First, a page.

European Commissioner for Home Affairs Cecilia Malmström launched Thursday a visa liberalisation dialogue with Kosovo in Pristina.
The aim of this dialogue is to eventually lift the visa obligation for citizens of Kosovo. This will only be possible, however, once the Government of Kosovo has implemented substantial reforms in key areas such as the security of travel documents; border, migration and asylum management; public order and security issues (notably the fight against organised crime and corruption) and fundamental rights issues related to the freedom of movement.
“Our commitment to visa liberalisation for the citizens of Kosovo is real, and I am very pleased that we can now start making concrete progress towards this goal. I know how important visa free travel is to the citizens of Kosovo and I’m happy that we’ve now set the ball rolling. Whether and how soon citizens obtain the privilege of visa-free travel will nevertheless depend entirely on the Government of Kosovo’s continuing efforts to implement reforms in the rule of law area and on concrete progress made on the ground,” said Cecilia Malmström.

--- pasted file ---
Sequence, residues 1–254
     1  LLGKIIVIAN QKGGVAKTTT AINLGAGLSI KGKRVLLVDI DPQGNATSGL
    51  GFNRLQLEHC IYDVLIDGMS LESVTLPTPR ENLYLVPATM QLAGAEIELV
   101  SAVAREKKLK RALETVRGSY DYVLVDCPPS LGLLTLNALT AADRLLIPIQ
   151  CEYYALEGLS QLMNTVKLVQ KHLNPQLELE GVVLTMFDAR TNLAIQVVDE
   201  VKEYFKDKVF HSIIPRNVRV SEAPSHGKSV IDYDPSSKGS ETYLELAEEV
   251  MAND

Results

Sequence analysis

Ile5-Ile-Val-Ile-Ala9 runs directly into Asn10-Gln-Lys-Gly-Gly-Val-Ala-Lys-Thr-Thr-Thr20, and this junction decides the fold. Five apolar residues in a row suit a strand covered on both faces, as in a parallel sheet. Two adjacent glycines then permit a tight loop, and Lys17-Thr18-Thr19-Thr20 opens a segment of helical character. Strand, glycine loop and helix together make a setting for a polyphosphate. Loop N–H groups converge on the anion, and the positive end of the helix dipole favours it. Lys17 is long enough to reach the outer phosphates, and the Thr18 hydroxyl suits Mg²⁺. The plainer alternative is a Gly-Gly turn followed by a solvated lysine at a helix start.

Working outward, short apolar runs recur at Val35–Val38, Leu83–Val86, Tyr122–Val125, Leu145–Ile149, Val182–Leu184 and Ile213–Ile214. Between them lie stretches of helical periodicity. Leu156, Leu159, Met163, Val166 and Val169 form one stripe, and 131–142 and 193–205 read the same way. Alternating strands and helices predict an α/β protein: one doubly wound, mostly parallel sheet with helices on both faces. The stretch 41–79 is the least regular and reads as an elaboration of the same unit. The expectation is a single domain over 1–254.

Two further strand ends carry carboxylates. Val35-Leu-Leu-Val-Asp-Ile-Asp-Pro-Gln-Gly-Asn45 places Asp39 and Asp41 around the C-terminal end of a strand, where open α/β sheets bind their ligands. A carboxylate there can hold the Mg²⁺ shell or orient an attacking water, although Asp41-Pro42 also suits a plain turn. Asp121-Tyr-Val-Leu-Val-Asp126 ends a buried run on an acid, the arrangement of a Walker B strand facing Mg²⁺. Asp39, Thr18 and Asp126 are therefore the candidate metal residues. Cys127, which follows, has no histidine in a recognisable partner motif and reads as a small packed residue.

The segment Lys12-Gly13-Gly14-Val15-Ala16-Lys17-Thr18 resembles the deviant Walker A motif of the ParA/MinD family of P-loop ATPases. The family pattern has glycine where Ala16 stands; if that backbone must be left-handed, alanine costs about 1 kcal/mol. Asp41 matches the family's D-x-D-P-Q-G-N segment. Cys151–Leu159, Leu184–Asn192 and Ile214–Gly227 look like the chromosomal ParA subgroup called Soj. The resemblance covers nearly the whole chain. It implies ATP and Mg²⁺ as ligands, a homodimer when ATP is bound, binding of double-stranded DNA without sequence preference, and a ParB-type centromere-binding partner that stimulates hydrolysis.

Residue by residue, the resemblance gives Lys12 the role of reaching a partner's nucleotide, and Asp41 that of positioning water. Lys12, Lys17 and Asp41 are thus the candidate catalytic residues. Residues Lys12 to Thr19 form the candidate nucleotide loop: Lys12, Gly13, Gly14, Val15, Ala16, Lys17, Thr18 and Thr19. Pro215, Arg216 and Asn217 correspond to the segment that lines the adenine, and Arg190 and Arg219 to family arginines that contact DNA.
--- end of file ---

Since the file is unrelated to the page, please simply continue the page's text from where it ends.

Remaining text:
In the past, the EU launched visa liberalisation dialogues with five Western Balkans countries in order to allow their citizens to travel to the EU without a visa. Following an assessment on the progress made by these countries in implementing major reforms, the former Yugoslav Republic of Macedonia, Montenegro and Serbia joined the EU’s visa-free regime in December 2009 and Albania and Bosnia and Herzegovina in November 2010.
To launch the visa liberalisation dialogue with Kosovo, Commissioner Malmström held bilateral meetings today with Prime Minister Hashim Thaçi, Deputy Prime Minister and Minister of Justice Hajredin Kuçi, Deputy Prime Minister and Minister of Local Government Administration Slobodan Petrović, Minister of Interior Bajram Rexhepi and Minister of European Integration, Vlora Çitaku.
During her stay in Kosovo (19-20 January), Commissioner Malmström will also meet with the Head of the EU Rule of Law Mission (EULEX), Xavier Bout de Marnhac, and with NGO and think tank representatives and academics.
In Pristina, she will visit the Centre for Protection of Victims and Prevention of Trafficking in Human, a non-profit organisation providing social and legal assistance, temporary safe accommodation, education and basic vocational skills to victims and potential victims of trafficking.
Commissioner Malmström will also visit the “Selman Riza” school in Fushë Kosovë/Kosovo Polje, which recently integrated 42 children from Roma, Ashkali and Egyptian communities who had not been schooled for several years.